Types of Tea
Similar to wine, there are numerous types of tea depending in which month it's grown, who grew it and how it's processed, although you can generally divide it into three different types: The first is unfermented tea, which does not have much colour and is called green Tea. It can be soaked for a long time, and the flavour comes out slowly, making it more suitable for casual drinking. It goes well with your daily meals.
For example, Jasmine Tea, the kind that you get at a Chinese restaurant, is unfermented. I don't particularly like Jasmine Tea because if the tea is good quality, it will possess it's own unique flavour and a flower flavour can spoil it. Adding Jasmine is like adding sugar to Chinese tea.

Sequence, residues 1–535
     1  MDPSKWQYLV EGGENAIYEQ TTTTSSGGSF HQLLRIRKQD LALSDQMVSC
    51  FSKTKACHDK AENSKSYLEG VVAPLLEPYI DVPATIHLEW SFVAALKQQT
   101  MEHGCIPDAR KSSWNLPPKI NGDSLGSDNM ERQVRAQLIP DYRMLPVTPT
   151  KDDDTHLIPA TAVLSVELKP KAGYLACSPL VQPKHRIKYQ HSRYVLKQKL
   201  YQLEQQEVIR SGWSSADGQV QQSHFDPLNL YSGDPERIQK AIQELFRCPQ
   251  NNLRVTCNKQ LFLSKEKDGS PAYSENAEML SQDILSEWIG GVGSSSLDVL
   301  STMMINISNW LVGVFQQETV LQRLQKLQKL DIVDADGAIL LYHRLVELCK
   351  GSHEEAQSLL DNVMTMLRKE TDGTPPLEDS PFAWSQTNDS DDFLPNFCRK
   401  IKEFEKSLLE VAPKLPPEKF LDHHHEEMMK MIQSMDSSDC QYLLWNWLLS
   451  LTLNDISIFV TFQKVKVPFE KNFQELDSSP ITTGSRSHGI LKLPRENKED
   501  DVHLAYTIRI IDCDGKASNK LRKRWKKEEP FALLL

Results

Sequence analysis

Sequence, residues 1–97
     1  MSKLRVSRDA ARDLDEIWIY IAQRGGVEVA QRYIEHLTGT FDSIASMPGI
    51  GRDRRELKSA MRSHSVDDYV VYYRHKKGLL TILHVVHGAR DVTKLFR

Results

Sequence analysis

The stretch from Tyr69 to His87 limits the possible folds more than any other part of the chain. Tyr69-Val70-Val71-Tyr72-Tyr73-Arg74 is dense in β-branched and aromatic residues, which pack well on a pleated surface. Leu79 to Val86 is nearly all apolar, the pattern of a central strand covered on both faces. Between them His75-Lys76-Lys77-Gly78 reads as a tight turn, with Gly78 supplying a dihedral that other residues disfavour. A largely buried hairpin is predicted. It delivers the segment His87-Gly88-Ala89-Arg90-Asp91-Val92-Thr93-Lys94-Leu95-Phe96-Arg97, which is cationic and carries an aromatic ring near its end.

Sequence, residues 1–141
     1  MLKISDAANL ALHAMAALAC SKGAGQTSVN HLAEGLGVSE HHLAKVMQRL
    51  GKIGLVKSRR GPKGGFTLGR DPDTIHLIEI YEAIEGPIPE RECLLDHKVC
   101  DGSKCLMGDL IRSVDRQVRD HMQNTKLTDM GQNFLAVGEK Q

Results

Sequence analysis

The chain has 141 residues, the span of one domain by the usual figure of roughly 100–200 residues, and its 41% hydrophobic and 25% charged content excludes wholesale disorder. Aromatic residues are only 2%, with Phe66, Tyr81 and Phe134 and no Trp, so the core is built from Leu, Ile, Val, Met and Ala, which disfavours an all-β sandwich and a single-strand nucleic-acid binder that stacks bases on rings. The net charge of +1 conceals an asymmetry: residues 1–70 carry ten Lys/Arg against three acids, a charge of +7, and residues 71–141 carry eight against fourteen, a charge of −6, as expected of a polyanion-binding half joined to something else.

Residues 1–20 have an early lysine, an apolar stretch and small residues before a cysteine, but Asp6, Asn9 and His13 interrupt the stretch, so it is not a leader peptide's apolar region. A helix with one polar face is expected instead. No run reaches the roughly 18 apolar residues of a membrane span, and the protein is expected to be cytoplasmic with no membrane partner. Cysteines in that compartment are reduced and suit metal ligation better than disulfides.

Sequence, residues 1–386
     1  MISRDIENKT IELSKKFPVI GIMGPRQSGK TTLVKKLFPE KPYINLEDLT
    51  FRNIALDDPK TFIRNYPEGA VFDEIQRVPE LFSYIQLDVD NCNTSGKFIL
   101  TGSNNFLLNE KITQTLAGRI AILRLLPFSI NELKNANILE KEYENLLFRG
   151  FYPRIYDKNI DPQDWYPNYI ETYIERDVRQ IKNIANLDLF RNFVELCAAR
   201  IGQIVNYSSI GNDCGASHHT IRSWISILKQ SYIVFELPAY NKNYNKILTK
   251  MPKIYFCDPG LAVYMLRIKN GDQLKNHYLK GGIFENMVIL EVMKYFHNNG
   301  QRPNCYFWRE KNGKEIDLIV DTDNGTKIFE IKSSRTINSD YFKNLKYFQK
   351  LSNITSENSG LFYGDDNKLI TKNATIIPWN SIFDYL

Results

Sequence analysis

Semi-fermented is the most common tea on the market. While there are many varieties of semi-fermented tea the Oolong Tea, with a favourite sub-species, the Iron Goddess, is the most famous example. This tea, especially the high quality ones, is most suitable for ceremonial tasting. It is special, there are many tea houses in China that serve tea with special ceremony. An experience worth trying.
The last type is the fully fermented tea, Pu-Erh tea for example. This often comes in flat cake shape. Before you make it, you break it up into little pieces. It is usually very dark and doesn't have much taste but it can be kept for a long time. This is also a good tea for casual drinking. In recent year old Pu-Erh is reputed to mature to better quality and is fetching very expensive price.
What is Good Tea?
This is like asking what is good wine. There are certainly many sophisticated ways to classify tea just like wine.